How to apply to medical school There is no secret to how to make a successful medical school application and the universities themselves are increasingly transparent about the process. They tend to point score applicants on each aspect of their application- academic performance to date, work experience, personal statement, UKCAT score and interview performance. With up to 10 applicants per place at UK medical schools it is inevitable that every year there will be students with top grades and good work experience that are left disappointed even when they are not resitting their A levels. At RIC students are guided through every aspect of their UCAS application. We offer guidance for students who need to take additional entrance tests such as the UKCAT. RIC students also have an outstanding track record of securing places on medically related courses such as Pharmacy, Audiology, Optometry and Radiography. Many of the local GPs, surgeons and consultants send their children to us. This gives RIC a real wealth of experience to draw upon when advising students about who to approach when organising their work experience. Our parents also help with the mock interviews we organise for all our applicants aiming for these courses.
Useful background reading for medicine
Roy Porter’s Blood and Guts- A Short History of Medicine Raymond Tallis’s Hippocratic Oaths: Medicine and Its Discontents Roger Taylor’s God Save the NHS Nathan Wolfe’s The Dawn of a New Pandemic Age
International students and uk medical schools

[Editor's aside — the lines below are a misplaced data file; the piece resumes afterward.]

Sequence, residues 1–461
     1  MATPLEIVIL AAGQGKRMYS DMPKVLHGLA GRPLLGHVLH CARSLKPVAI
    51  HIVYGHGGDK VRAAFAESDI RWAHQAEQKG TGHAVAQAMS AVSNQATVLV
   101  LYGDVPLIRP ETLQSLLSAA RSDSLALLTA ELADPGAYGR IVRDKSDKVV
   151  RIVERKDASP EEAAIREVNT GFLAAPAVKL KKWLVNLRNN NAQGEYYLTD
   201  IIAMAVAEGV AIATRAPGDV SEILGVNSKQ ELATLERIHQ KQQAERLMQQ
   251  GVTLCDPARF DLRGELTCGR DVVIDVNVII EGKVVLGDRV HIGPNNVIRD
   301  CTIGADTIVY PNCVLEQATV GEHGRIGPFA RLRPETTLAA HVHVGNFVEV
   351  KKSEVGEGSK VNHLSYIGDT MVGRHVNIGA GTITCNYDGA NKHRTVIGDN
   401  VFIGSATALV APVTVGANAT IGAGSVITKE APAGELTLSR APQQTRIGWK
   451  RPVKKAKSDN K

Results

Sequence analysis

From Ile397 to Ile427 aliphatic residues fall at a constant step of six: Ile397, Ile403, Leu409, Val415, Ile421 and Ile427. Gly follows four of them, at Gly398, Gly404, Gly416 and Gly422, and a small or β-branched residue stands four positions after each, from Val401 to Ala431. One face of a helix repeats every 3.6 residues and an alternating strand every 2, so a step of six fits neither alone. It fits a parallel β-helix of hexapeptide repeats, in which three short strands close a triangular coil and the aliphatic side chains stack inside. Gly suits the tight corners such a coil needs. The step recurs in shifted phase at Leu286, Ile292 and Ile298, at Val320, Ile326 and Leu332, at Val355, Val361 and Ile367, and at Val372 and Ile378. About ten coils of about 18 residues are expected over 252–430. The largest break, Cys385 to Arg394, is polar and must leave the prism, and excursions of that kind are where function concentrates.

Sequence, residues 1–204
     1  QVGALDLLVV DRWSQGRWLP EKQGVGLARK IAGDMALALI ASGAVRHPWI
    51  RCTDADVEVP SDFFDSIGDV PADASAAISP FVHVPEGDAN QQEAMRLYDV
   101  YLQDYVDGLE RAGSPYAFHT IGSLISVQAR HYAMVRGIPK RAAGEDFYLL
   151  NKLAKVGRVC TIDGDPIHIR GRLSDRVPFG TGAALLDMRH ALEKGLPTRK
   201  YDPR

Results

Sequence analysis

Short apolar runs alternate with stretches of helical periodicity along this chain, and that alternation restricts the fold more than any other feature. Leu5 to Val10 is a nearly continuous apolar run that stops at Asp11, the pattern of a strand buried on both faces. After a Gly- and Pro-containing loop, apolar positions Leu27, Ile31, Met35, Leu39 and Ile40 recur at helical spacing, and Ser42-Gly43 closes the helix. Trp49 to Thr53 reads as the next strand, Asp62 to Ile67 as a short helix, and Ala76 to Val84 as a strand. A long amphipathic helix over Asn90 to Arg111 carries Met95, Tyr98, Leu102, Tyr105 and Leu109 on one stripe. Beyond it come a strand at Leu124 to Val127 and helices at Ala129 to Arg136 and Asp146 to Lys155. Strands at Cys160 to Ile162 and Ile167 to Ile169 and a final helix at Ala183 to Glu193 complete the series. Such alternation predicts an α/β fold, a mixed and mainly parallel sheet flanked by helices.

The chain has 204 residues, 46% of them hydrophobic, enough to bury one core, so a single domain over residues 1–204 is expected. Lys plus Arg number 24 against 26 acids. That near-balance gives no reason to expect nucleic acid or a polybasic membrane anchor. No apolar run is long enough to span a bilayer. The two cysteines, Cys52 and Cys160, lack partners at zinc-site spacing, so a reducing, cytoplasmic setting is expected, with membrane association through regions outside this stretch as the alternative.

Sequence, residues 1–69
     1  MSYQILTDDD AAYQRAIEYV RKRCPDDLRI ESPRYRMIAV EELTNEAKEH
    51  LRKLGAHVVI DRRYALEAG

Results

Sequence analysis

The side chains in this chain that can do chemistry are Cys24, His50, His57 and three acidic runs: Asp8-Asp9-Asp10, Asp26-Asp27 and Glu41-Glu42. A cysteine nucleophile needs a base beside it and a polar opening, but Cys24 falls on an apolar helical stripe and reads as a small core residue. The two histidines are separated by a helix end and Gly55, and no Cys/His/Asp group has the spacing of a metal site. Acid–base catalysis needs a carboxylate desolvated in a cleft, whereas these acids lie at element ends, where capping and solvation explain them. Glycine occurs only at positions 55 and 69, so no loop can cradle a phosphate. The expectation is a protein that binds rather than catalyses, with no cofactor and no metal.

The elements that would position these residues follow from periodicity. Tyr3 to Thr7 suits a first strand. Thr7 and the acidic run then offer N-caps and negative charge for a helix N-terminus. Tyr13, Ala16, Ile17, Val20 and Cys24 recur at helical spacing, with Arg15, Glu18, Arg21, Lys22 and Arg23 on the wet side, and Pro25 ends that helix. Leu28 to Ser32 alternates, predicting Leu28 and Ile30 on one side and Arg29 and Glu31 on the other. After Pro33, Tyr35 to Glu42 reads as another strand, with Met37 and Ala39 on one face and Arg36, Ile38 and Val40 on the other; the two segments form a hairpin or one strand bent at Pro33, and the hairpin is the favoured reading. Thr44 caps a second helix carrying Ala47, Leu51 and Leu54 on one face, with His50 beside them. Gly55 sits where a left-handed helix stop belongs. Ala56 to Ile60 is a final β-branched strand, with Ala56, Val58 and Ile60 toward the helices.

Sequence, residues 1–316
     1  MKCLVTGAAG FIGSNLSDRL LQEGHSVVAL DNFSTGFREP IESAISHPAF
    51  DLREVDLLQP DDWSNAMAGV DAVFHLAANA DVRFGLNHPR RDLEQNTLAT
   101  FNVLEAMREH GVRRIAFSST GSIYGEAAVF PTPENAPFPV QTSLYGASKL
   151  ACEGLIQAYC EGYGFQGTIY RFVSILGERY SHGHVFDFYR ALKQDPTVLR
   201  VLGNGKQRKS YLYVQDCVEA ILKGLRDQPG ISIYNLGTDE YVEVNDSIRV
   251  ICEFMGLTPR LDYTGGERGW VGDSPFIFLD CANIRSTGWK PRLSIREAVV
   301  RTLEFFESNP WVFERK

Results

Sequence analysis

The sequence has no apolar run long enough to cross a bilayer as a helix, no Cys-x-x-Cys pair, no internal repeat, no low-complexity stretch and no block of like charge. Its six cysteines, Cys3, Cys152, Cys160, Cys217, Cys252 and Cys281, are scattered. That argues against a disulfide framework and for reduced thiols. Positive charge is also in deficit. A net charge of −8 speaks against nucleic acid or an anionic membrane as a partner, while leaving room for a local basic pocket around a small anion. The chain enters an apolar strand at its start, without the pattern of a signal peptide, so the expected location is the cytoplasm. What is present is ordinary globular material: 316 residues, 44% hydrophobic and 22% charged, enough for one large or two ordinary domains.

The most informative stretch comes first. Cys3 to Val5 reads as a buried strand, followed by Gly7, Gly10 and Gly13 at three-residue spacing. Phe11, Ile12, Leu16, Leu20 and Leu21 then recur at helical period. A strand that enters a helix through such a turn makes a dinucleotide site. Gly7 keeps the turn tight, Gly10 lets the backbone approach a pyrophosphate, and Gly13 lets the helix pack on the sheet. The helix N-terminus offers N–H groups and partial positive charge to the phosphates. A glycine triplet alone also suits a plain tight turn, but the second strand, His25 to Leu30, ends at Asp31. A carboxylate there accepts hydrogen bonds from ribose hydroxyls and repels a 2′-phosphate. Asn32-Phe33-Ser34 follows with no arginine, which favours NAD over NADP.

With international students there are additional challenges in preparing applications. The medical schools operate a quota system for overseas applicants so it is particularly important that applications are targeted strategically. Oxford for example has only 14 places for international students on its undergraduate medicine course, Nottingham only 25. It’s important for international students to note that some UK medical schools such as Imperial, Cardiff, UCL, Glasgow and Southampton give preference to those from countries without their own medical schools.
A level subject choice for medicine For medical school entry it is often advisable for students to do an arts or social science subject as their fourth subject to show a degree of breadth. UCL actually state that candidates who do so are at an advantage. Obviously the most important A level subjects for potential medics are Chemistry, Biology and Maths, all subjects that Rochester Independent College has an established track record in. Options chosen in the A levels at RIC are often geared towards medical school entry, for example the Sociology of Health and Medical Physics.
“To all the staff of Rochester Independent College. Thank you so much for helping me achieve my dream of studying medicine and getting into Imperial College, London. The unconditional support, encouragement and motivation meant so much.”